The archive of the influential psychiatrist Elisabeth Kübler-Ross, who developed the theory of the five stages of grief, has been given to Stanford Libraries.
March 26, 2019
The archive of Elisabeth Kübler-Ross, MD, the late hospice and palliative care pioneer and author of some two-dozen books, including the 1969 On Death & Dying, has been acquired by Stanford Libraries Department of Special Collections.
The Swiss-American psychiatrist is best known for having developed the theory of the five stages of grief.
“The Kübler-Ross Archive is a wonderful addition to our Special Collections and offers tremendous opportunity for interdisciplinary investigation and exploration across law, medicine and sociology, to name only a few,” said Matt Marostica, PhD, JD, associate university librarian for public service and collection development.
David Magnus, PhD, the Thomas A. Raffin Professor in Medicine and Biomedical Ethics and director of the Stanford Center for Biomedical Ethics, identified unpublished lectures and essays by Kübler-Ross from the late 1970s and early 1980s. He proposes to edit them for publication. Among the many documents in the archive, he highlighted a trove of thousands of letters from dozens of countries reflecting her widespread influence around the world.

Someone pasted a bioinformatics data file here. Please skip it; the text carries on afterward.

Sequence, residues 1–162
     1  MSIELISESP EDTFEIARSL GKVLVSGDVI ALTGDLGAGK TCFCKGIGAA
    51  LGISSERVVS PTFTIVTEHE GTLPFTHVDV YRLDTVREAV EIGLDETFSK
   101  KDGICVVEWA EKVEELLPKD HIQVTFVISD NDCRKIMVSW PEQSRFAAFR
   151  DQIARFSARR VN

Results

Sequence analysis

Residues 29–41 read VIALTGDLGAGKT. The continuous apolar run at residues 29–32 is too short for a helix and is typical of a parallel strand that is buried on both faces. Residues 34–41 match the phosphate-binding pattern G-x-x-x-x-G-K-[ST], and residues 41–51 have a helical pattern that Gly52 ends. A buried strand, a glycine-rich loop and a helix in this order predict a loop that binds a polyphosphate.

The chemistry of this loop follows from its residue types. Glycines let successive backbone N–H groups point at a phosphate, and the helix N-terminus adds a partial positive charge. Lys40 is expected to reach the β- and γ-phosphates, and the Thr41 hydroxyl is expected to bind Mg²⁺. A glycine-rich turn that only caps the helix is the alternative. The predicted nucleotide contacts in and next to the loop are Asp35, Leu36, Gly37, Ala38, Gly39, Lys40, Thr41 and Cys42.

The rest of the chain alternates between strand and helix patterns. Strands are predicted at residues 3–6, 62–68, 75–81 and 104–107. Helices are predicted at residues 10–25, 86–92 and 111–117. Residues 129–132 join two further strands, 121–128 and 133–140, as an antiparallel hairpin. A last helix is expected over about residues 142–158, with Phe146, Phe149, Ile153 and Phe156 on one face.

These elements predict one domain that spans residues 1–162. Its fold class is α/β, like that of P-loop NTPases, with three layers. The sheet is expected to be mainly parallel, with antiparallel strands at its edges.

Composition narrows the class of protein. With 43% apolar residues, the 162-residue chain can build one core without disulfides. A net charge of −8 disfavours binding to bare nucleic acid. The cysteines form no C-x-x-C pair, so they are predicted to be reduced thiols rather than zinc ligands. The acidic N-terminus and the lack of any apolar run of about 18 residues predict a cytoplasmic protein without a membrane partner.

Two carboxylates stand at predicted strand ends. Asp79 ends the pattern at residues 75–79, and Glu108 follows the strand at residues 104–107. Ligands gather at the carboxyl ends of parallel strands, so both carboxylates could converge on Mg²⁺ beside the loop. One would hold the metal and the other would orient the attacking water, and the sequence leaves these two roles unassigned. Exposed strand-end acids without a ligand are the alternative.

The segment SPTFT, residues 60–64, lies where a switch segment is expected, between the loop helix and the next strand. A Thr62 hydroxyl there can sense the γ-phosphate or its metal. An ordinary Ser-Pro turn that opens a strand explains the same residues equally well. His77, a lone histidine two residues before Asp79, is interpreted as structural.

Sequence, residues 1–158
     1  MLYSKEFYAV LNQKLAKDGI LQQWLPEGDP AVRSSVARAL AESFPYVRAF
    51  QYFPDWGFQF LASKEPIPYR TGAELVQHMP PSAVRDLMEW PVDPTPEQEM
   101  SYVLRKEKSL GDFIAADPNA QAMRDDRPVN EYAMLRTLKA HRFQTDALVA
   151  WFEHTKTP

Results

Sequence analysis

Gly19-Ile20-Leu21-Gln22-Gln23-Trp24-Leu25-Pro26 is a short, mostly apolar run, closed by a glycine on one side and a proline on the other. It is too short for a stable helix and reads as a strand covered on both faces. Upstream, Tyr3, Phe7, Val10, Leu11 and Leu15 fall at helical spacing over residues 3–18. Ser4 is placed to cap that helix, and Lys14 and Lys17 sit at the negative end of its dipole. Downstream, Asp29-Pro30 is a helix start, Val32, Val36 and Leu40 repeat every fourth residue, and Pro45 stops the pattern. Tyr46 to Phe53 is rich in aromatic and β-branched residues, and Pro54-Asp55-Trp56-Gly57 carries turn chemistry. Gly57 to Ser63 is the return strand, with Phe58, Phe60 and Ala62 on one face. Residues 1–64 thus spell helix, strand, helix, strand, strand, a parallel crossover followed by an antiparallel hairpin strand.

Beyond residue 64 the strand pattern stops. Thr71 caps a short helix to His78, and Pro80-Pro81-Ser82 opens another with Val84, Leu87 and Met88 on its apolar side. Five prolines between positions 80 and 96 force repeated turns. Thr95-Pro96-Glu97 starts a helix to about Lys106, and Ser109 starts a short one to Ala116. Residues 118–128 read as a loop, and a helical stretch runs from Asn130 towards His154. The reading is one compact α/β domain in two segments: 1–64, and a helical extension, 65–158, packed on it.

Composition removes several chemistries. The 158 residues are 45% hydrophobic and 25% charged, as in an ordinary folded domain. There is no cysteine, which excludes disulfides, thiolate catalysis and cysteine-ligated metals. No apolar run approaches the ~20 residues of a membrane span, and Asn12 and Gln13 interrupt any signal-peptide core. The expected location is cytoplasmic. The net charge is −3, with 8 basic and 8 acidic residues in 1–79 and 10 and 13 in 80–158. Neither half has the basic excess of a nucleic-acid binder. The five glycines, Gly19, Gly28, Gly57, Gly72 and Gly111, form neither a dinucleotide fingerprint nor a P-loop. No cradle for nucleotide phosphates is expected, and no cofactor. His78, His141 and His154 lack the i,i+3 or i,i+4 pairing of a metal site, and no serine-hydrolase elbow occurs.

Maren Monsen, director of the Program in Bioethics and Film at the Stanford Center for Biomedical Ethics, plans to make use of video components of the Kübler-Ross archive in documentary films. After the video content is transferred to a high-quality digital format, she intends to create educational videos for distribution to multidisciplinary trainees in the health professions.
The children of Kübler-Ross — Ken Ross, president of the Elisabeth Kübler-Ross Foundation, and Barbara Rothweiler, PhD — chose to give the archive to Stanford Libraries after meetings in Phoenix with faculty and with Benjamin Stone, curator for American and British history at the libraries.
Like most modern archives, the collection runs the gamut from manuscript and printed materials to correspondence, photographs, video and audio recordings. Most important, it contains archived, not-yet-made-public work by the pioneering thinker and practitioner in the palliative care movement.
The earliest item in the archive is a family scrapbook from the 1930s depicting Kübler-Ross’ childhood in Switzerland. The bulk of the archive includes material from the 1980s to 2000s, a period in which her ideas gained greater traction. Of special note are complete runs of newsletters from the Shanti Nilaya Healing Center, which she founded in Escondido, California, as well as manuscript drafts of her memoir, The Wheel of Life.
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